I live in Atlanta, and here I have friends that I can touch and feel.
But I live in Atlanta, and you live on the other side of the country; I see you a few times every year.
As a senior in high school, I’m going to see some of my best friends once more before we’re all whisked off to college, and I don’t know what to do about it.
With my friends here, personal interaction is best. If you’ve got the ability to see people that you care about, why would you leave it up to technology to do the job? It’s lame, it’s lazy, and it’s a poor example of friendship.
But with the friends dispersed all over the country, technology is all I have. Social media sites like Facebook, Twitter, and Gmail, as well as texting and Snapchat are wonderful technological developments that have connected us all in unprecedented ways, giving the saying “it’s a small world” a whole new meaning.
While it still makes me furious when people walk around with their eyes glued to their screens, when people refused to look up as they walk through the halls, and when they use their phones and computers as excuses, as crutches for not socializing or avoiding personal interactions, it’s important to recognize the fine line that we tread when we make these claims.
It’s true that misusing these gadgets does force our eyes to glaze over, but when it comes to long-distance friendships, people fundamentally mischaracterize them, and the way young people use them.
You might see an idiot looking at a machine, but are you looking? It’s me, talking to my best friend on the other side of the screen; I see her once a year and we are a thousand miles apart.
While technology may have contributed to the way that some people have detached themselves from the world, it is but one example out of many. Technology…is not the only distraction; it is not to blame for the disconnections that we feel.
We can use it productively, because I cannot take for granted the friends that live thousands of miles away from me. I cannot physically touch them, I don’t know what their houses look like, and we can’t always meet up for coffee when we’d like.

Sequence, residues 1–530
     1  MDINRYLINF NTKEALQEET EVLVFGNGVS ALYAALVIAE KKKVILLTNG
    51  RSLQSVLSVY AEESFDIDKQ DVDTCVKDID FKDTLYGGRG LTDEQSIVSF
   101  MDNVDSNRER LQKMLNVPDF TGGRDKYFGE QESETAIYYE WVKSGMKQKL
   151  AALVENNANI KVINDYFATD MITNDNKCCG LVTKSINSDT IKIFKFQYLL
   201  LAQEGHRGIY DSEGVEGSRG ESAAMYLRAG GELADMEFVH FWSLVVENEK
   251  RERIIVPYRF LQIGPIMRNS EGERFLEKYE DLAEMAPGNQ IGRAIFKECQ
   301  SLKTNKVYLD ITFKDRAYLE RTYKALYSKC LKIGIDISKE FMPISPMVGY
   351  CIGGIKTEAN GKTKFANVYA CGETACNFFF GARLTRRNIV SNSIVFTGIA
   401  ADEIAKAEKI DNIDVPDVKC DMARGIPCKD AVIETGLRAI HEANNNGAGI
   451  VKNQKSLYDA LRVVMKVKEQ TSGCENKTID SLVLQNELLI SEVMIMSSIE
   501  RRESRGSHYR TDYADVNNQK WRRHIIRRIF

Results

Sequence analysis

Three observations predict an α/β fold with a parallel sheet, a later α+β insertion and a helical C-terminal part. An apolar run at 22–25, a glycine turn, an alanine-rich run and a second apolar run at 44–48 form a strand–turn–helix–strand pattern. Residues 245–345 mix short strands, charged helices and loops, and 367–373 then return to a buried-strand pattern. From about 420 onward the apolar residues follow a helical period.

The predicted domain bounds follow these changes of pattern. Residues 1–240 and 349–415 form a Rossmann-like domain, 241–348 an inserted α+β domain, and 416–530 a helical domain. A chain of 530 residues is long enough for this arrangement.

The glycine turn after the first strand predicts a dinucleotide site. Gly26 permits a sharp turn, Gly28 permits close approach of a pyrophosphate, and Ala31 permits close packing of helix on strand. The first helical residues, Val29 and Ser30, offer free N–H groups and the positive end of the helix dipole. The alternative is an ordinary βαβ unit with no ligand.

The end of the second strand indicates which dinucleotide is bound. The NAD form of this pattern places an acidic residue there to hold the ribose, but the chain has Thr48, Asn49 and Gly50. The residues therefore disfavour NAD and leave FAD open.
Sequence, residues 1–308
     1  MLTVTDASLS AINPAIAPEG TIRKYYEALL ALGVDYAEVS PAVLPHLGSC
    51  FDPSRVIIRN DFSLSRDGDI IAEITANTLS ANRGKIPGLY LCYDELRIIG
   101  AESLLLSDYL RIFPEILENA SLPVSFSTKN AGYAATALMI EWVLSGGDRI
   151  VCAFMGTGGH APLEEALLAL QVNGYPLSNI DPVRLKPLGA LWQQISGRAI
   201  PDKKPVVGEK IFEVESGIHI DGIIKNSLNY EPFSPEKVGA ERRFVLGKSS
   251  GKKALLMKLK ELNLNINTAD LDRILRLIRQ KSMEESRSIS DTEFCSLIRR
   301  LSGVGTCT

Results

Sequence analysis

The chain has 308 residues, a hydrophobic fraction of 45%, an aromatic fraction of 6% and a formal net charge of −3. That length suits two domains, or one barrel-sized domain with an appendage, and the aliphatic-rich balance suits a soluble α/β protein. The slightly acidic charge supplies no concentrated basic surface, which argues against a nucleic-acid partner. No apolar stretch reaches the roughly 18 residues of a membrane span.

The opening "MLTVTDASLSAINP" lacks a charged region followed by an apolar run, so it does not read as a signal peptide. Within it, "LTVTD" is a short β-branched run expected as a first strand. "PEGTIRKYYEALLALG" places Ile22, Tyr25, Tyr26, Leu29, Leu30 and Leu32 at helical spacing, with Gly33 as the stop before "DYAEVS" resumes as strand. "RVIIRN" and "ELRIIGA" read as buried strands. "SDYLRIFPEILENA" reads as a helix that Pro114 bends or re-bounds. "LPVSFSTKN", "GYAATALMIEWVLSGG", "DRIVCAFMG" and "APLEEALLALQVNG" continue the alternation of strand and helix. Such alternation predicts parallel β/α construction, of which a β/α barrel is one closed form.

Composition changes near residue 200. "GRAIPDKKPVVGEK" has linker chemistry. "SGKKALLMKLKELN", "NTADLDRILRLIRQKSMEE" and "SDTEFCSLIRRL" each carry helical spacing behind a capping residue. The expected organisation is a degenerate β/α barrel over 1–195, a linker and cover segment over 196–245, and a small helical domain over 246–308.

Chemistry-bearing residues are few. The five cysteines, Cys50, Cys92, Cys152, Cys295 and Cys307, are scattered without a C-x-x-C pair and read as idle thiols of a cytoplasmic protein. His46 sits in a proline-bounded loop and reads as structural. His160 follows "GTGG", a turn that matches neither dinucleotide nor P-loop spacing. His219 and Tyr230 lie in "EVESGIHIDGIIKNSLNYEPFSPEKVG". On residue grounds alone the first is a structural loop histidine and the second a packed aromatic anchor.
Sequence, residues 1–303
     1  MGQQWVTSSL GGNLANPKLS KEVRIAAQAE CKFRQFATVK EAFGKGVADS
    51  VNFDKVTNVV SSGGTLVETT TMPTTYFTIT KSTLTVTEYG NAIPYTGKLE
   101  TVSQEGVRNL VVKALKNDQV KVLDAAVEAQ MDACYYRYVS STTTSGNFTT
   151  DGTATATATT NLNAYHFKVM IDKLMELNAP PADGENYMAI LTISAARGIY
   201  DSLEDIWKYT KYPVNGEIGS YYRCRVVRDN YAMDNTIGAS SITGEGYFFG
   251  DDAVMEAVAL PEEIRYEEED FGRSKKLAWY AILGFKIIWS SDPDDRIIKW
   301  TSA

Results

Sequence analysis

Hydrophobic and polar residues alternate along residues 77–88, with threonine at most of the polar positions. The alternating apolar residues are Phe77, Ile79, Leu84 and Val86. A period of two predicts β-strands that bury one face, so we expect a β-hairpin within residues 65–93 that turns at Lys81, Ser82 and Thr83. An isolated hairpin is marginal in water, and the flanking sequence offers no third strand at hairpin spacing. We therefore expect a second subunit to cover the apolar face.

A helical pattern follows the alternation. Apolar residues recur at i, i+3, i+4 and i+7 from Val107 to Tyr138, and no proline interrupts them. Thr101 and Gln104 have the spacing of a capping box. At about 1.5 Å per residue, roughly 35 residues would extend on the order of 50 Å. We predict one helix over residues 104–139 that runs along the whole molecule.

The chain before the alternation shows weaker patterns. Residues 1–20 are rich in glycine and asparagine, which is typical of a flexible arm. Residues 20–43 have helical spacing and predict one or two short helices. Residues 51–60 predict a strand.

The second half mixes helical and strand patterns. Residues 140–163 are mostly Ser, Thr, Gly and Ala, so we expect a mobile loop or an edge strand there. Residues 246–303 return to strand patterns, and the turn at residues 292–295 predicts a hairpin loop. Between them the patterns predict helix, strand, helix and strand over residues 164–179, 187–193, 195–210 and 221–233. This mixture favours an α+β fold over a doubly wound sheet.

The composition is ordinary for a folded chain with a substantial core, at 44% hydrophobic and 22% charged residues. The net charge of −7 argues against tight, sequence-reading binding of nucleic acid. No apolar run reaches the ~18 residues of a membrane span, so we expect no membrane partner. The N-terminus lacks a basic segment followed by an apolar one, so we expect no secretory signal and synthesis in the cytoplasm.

Technology may be all we have, but sometimes, it’s better. Phones and computers can be more than machines; they can become our arms and legs and eyes and ears…internet friends are real friends.
We have to rely on voluntarily engaging these people, because we can’t expect to see them in our history class the next day. I have to reach out to you, and you have to reach out to me and I’ll have to ask about your day, and you’ll have to reciprocate; we are walking along a two-way street.
Ask, and they must be willing to tell about what’s new in their life; dissatisfaction ensues when we find out about new developments through social media, not themselves.
The generation of the 21st century deals well, although plenty of exceptions exist. We frequently grow lazy or self-conscious, refusing to initiate conversations, hoping that the other person will…lo and behold, a divide emerges.
Days become weeks and before you know it, someone you once called your friend has fallen down to acquaintance status.
Phones and computers have evolved to allow lengthy phone and video calls, so that maybe, just maybe it’s not thousands of miles between us, but a mere few inches.
Less direct forms of communication (texting, Snapchatting) might suffice when life gets busy, but letting them dominate the relationship can lead quickly to a drifting apart.
It will reveal an obvious disengagement; in the rare personal encounter, the conversation will be awkward and lacking. You aren’t familiar with their verbal cues, and you can’t respond immediately to what they say, as you’ve always had a few seconds to collect your thoughts.
We can’t go farther than this, you think to yourself. What if you can only be friends with someone online? What good is a friendship if you two only feel comfortable with a computer screen acting as a divide?
However, be wary; quantity rarely trumps quality. When a conversation feels like punching a time card, when it feels like going down a checklist, when you initiate just for initiation’s sake, you sacrifice the integrity of the friendship.
We don’t always need to be in constant contact with each other…in fact, it seems to me that the best friendships are confident in their durability; silence shouldn’t be a barrier, and it shouldn’t be affronting.
We’re in high school; some of us are graduating this year. What I’ve learned from these long distance relationships will come in handy when we’re all scattered across the world, hurling ourselves into our own destinies, going wherever life takes us.
I’m more prepared than most, and I won’t let geographical divides come between us.